This was a comment I posted in response to a blog post you can read here
I just finished my 3rd yr teaching 8th grade Language Arts and have found that finding the balance between engagement and relevance is tricky. The 8th grade team completed our first Expeditionary Learning Unit (See what that means here: http://bit.ly/cmX1r8) and found that engagement was very high. It involved student choice and a fair amount of self-directed work by the students. They produced some of the best work I’ve seen so far from 8th graders (you can see the work here: http://bit.ly/eC0eIW).
I always ask myself questions before beginning a project, why am I doing this: How does it meet my teaching goals? Can the students do what I’m asking them to do, have I done enough to make sure they have the skills required to complete the task? (I will often ask students this question outright when introducing a project – “Does this sound doable? Is what I’m asking you do a reasonable request?” Of course kids don’t always know what they don’t know but it’s a good place to start assessing what they need to know collaboratively.
And secondly (and I think the point of your post) do the students know why we are doing this and will they care? My goal this year was to make sure the students knew why I assigned the work I did, I think it made a difference.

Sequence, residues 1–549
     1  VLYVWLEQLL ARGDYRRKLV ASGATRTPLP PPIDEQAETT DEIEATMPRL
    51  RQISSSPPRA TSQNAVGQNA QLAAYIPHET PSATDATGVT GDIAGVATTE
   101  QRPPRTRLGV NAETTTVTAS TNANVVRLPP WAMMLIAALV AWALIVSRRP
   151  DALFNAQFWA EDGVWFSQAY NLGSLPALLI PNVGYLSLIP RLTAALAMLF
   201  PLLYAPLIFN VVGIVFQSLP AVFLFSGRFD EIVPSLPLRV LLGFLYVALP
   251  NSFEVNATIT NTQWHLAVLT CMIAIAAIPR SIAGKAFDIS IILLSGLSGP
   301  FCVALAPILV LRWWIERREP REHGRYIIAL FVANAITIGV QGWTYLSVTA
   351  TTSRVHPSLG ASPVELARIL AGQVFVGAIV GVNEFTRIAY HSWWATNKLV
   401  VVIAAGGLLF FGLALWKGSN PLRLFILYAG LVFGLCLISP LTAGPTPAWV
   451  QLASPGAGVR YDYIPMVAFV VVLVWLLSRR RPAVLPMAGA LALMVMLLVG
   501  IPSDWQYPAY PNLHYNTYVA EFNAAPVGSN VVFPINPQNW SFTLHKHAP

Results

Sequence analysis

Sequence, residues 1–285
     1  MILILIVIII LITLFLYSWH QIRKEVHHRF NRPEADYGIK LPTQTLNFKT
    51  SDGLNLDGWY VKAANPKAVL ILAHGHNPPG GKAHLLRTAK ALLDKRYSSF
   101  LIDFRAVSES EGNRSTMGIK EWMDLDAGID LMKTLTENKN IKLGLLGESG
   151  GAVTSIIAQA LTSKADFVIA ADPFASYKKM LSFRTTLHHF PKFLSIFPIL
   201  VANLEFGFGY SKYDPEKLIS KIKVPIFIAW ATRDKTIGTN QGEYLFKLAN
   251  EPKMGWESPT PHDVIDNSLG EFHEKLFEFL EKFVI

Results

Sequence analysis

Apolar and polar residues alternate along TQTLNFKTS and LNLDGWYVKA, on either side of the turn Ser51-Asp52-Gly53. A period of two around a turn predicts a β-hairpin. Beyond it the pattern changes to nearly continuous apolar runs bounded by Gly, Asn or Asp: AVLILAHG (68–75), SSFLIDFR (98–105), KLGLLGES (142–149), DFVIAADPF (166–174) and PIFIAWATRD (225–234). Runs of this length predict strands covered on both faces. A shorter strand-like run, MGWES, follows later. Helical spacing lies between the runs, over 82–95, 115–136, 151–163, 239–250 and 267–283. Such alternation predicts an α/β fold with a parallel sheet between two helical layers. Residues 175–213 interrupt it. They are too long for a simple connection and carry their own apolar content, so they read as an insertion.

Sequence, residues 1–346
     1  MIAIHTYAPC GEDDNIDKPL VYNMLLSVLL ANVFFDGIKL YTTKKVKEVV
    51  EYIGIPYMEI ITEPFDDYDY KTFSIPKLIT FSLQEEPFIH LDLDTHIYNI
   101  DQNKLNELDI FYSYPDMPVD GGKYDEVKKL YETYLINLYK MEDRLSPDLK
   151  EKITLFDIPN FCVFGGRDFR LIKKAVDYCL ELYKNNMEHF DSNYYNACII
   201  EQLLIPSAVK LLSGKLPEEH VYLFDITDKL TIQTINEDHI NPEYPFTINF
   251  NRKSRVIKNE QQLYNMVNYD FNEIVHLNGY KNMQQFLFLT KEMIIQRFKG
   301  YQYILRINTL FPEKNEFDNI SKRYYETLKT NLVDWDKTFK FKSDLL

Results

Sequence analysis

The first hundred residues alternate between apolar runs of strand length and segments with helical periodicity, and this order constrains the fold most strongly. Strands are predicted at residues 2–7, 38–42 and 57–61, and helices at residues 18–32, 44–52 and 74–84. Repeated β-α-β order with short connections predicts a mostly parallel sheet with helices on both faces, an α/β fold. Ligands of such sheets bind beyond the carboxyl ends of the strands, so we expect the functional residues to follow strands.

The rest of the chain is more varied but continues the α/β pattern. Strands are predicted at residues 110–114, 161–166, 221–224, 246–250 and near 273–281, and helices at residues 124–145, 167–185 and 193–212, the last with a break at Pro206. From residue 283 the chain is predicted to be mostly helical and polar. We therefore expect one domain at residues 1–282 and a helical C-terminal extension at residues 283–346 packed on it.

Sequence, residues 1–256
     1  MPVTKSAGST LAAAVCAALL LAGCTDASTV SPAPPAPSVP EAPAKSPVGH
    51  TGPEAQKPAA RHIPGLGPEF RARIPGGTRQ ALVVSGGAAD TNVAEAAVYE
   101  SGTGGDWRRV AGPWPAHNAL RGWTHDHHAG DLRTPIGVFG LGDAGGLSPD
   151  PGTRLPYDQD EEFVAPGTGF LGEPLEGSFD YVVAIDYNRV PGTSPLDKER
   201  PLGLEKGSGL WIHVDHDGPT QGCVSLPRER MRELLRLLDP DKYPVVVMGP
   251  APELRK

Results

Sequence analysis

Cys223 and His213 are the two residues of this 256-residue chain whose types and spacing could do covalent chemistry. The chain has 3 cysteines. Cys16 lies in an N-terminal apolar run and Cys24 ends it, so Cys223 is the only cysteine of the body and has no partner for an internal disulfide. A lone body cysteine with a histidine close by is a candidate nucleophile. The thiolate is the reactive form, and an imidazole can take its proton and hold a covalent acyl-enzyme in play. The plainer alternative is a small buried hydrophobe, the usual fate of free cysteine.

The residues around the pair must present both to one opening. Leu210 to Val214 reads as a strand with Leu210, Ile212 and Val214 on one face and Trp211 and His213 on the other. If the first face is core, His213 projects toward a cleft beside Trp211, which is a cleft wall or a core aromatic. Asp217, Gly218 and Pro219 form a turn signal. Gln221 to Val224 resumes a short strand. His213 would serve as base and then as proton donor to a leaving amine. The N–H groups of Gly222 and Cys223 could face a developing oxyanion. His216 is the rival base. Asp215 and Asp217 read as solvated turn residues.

The engagement that we saw in the Expedition was a result of the students personal connection to the work – one student remarked that she felt like the work she was doing was meaningful, and could make a difference. This is why so many students worked so hard.
Of course some kids did need a modified process, that will always be the case; so no, I don’t think it’s a cop-out to think that.
I think that reflecting on lessons and figuring out what went wrong (and what went right) by ourselves and with colleagues is the best thing we can do as teachers to improve our craft.